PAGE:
Nasturtium Seeds & Flowers


Nasturtium, Indian cress or garden nasturtiums are beautiful flowers in showy colors that brighten up the landscape. They grow in any type of soil, require minimal care and maintenance, and resist most pests and disease. Besides producing colorful blooms, the entire plant is edible and rich in vitamins. The advantages and benefits of this flower outweigh any disadvantages, making it an essential garden plant.


Nasturtium belongs to the genus Tropaeolum that includes over 80 species of dwarf, bushy and climbing annual and perennial flowering plants. All species have light green, kidney-shaped or rounded leaves with margins through the center. Each leaf is 2 ½ inches wide. Although flowers are double or semi-double varieties, each 1 ½-to 2-inch-wide flower features five petals in a variety of colors, including yellow, orange, scarlet, pink and crimson. All five sepals unite to form a cup-like calyx with one modified into a 1-inch long spur that produces nectar preferred by hummingbirds and bees.


Discovered in the jungles of Mexico and Peru in the 16th century, these cheerful flowers are bright, edible and form suitable companion plants. They do well when planted under fruit trees or next to cucumbers, tomatoes, cabbage and radishes, and help to deter whiteflies, aphids, cucumber beetles, caterpillars, squash bugs and other pests. All parts of the flower are edible, and are eaten raw, slightly cooked or stir fried. Nasturtium has a slightly peppery taste, similar to watercress. The seeds are large and easily held by tiny fingers, making them suitable for children to plant.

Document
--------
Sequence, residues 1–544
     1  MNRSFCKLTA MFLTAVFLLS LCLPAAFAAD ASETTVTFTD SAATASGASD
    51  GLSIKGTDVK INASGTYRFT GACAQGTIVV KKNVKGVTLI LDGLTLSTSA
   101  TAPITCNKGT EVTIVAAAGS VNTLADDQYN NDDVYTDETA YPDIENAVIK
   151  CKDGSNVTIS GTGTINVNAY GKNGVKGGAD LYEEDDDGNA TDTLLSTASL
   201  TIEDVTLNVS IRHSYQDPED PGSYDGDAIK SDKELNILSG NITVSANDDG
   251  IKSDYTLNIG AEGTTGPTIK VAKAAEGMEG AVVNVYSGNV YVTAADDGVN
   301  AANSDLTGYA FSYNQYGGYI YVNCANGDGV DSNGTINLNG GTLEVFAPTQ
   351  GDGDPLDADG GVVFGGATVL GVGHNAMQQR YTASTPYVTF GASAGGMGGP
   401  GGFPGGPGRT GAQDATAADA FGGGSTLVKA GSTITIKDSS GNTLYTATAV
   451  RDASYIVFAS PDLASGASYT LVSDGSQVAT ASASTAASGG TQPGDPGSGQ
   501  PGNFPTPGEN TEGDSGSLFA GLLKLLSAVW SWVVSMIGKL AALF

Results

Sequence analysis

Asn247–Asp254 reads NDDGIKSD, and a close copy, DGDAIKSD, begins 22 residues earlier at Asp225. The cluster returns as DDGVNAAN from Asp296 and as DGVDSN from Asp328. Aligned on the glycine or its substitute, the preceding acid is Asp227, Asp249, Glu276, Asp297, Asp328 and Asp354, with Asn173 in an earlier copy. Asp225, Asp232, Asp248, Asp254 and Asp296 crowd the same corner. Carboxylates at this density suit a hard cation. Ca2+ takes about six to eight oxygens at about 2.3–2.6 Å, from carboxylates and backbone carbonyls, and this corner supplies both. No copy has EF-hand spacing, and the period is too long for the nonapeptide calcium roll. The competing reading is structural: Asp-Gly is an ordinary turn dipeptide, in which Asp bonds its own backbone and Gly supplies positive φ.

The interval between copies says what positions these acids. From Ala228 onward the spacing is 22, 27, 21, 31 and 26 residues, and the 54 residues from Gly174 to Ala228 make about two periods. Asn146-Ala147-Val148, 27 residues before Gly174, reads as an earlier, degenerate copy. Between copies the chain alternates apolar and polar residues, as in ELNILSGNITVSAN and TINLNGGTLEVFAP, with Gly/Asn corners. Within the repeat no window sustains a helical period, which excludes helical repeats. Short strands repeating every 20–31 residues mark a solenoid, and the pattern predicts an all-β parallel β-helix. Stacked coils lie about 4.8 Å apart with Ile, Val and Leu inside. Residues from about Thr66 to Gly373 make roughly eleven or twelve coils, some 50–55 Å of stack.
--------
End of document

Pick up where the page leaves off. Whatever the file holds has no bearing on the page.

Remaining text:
Ornamental Plantings

Nasturtiums are primarily used for ornamental planting. The bushy or dwarf varieties add a kaleidoscope of colors to annual borders and flower beds. Trailing varieties are suitable for hanging baskets, on a sandy slope, or a trellis or low fence. Many gardeners grow these ornamental flowers in vegetable or salad gardens.

Culinary Uses

Use this peppery, zesty-tasting flower to replace mustard in sandwiches. The flowers and leaves are used as salad. In the Andean Highlands it is primarily cultivated for tubers that are a source of food. Use the petals to garnish dishes or crush them and mix with butter for a colorful effect. Nasturtium seedpods are pickled and used as condiments with savory dishes. Unripe seeds substitute capers because of the similar texture and taste. The best time to gather the seeds is immediately after the blossoms fall off.

Health Benefits

The health benefits of nasturtium are many. When combined with water, the glycoside in the flower acts as an antibiotic that cures minor ailments. The flower is rich in vitamins B1, B2, B3 and C and contains manganese, iron, phosphorus and calcium. It is also used as an expectorant, anti-fungal and antiseptic.


Plant nasturtium seeds in well-drained soils with full sun to partial shade. Amending the soil with organic matter beforehand produces more foliage and fewer flowers. Water the plant weekly and pick flowers to encourage more blooms.

Keywords: nasturtium seeds, nasturtium flowers, nasturtium benefits

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